Zahra Rostami Najafabadi, J. Soares
May 26, 2021
Separation and Purification Technology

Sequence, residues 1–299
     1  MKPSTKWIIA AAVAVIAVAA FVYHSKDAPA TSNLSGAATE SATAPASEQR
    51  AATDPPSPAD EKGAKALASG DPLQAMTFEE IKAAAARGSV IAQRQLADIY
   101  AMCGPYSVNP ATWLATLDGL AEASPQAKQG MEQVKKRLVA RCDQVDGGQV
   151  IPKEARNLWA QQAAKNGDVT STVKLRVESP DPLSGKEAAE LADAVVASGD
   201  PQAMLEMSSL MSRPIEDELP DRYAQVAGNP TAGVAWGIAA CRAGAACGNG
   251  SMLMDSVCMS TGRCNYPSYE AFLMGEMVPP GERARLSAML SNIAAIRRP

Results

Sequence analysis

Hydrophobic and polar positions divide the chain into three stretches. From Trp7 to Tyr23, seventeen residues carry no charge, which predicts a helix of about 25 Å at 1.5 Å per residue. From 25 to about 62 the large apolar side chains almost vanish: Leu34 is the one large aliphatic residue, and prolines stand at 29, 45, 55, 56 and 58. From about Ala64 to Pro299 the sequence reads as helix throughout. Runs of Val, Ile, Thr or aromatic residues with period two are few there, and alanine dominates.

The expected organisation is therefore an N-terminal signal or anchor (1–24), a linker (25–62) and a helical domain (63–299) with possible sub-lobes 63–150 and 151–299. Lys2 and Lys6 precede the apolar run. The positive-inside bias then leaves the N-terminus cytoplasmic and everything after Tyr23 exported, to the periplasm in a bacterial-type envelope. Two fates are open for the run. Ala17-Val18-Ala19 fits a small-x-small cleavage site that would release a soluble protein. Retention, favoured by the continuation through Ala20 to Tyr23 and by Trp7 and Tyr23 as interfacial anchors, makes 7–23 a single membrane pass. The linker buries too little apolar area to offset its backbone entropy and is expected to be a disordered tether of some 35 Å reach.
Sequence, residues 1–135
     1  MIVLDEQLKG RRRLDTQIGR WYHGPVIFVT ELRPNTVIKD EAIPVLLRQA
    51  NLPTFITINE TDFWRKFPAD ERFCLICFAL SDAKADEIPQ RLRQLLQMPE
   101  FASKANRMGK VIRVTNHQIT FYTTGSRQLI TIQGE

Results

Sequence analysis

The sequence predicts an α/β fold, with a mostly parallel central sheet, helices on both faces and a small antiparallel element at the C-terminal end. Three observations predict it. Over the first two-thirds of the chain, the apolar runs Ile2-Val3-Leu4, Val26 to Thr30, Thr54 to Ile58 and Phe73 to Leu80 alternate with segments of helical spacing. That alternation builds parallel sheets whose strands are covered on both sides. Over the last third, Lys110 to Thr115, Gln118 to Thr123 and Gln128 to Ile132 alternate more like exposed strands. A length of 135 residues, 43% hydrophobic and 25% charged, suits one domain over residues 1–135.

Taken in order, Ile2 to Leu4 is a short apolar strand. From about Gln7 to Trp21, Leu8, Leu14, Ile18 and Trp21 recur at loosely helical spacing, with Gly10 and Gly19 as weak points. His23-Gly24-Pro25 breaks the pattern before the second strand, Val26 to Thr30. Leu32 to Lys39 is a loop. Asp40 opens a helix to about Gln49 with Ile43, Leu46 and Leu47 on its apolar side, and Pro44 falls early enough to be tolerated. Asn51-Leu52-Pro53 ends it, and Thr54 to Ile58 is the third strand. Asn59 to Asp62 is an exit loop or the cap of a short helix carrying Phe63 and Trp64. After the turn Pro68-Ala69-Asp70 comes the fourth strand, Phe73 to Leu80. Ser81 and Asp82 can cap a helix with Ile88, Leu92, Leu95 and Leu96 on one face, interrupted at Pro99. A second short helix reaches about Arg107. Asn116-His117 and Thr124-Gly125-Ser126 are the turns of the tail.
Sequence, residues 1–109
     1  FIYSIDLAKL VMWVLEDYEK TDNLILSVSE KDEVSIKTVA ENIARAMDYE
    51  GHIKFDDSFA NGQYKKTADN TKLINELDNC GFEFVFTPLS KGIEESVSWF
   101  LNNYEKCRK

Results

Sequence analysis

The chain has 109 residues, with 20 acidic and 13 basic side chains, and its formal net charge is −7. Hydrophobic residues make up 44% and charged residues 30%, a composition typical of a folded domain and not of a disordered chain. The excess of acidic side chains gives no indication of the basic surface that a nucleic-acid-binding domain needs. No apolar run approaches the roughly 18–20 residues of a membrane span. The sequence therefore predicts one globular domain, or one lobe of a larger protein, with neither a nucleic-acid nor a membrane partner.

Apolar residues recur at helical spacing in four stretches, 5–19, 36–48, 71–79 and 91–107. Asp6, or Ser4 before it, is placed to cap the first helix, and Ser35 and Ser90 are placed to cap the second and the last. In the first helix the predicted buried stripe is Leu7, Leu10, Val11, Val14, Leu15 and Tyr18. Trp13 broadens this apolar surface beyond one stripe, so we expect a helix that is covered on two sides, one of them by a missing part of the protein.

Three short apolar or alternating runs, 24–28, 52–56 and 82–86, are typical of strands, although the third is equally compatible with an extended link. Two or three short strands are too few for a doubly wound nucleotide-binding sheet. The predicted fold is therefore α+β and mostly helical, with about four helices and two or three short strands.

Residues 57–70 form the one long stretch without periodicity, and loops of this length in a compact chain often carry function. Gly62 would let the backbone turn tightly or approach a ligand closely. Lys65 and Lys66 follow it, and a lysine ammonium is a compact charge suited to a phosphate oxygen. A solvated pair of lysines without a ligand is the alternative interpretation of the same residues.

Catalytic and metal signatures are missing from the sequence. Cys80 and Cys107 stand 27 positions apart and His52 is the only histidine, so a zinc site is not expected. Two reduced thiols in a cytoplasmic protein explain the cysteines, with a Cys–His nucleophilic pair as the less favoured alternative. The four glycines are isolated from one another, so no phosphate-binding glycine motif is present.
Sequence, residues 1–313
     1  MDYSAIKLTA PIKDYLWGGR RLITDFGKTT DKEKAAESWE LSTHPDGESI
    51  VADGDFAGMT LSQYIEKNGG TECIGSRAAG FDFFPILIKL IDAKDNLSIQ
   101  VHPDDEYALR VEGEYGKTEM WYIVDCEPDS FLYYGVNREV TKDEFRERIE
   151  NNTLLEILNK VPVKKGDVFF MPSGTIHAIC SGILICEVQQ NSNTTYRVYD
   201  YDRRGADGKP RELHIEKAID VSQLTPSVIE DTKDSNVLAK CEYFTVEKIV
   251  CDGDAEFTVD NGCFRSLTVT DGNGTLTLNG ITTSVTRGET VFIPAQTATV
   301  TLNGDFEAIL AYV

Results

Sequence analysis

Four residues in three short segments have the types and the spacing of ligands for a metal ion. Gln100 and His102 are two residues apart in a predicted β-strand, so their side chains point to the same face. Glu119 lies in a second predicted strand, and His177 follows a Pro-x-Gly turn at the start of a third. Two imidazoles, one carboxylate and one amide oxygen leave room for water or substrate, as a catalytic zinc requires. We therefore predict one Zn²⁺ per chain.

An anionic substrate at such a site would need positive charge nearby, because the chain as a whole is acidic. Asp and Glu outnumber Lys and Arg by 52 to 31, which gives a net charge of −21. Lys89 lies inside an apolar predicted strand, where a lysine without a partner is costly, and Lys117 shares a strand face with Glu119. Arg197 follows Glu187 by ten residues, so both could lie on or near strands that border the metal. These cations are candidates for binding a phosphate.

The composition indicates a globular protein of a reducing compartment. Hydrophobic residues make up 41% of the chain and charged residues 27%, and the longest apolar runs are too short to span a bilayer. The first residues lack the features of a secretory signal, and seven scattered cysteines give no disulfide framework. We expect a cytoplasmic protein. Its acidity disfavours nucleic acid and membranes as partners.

Abstract This work investigates the impact of the molecular weight and grafting density of partially hydrolyzed poly(methyl acrylate) grafted onto ethylene-propylene-diene copolymer backbones (EPDM-g-HPMA) on the flocculation and dewatering of oil sands mature fine tailings through a central composite experimental design by measuring initial settling rate, capillary suction time, supernatant turbidity, and sediment solids content. Flocculants with high molecular weight grafts and low grafting densities reduced the initial settling rates, decreased supernatant turbidities, and increased the solids content of the flocculated sediments. The capillary suction time, however, depended mostly on the charge density and on the hydrophobicity of the grafted copolymer. The effect of the EPDM backbone molecular weight was also investigated. Shorter backbones resulted in flocculants that dispersed more easily in water and settled the sediments faster. In addition, they decreased the supernatant turbidity and increased the solids content in the sediments. EPDM-g-HPMA flocculants with graft molecular weight of 179 kDa and grafting density of 13 % are outstanding filtration aids, helping generate sediments with 43 % solids content and outperforming a reference commercial polyacrylamide flocculant.